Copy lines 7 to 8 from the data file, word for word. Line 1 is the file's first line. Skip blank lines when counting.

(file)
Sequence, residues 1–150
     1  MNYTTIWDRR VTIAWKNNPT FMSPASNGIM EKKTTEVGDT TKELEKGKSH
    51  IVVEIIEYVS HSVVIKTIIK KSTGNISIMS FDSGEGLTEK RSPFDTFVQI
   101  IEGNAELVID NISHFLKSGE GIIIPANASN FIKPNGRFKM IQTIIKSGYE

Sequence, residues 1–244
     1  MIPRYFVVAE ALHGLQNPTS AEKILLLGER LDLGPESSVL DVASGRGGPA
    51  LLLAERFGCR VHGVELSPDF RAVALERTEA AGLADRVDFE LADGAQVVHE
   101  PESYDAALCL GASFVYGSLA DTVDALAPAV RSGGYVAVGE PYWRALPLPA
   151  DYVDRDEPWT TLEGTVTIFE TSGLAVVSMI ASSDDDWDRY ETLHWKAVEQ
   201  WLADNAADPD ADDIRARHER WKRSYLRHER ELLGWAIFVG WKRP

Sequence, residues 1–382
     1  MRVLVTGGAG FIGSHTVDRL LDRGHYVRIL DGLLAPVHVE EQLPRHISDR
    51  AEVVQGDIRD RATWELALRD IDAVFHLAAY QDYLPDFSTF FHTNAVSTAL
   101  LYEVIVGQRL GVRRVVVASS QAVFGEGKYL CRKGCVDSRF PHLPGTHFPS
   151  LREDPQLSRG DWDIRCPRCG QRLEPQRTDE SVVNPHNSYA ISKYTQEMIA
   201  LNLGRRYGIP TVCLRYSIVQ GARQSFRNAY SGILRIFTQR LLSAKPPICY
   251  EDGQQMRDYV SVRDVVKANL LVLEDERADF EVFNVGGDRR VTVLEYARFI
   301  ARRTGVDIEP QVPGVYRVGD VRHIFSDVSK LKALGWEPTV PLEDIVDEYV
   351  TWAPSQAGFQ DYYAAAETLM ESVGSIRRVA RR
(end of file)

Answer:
    51  LLLAERFGCR VHGVELSPDF RAVALERTEA AGLADRVDFE LADGAQVVHE
   101  PESYDAALCL GASFVYGSLA DTVDALAPAV RSGGYVAVGE PYWRALPLPA